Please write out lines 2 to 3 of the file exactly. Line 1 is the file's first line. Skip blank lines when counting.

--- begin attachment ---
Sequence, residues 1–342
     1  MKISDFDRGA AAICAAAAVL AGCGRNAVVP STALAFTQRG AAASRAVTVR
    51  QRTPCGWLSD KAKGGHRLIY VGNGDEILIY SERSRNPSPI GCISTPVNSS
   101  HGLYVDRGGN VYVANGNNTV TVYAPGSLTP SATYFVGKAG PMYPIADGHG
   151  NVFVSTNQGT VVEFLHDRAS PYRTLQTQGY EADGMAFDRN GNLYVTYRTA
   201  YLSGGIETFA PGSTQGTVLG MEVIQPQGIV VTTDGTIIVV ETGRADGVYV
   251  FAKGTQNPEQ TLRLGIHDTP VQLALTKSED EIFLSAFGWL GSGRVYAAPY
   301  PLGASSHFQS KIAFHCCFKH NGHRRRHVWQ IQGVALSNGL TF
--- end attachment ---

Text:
     1  MKISDFDRGA AAICAAAAVL AGCGRNAVVP STALAFTQRG AAASRAVTVR
    51  QRTPCGWLSD KAKGGHRLIY VGNGDEILIY SERSRNPSPI GCISTPVNSS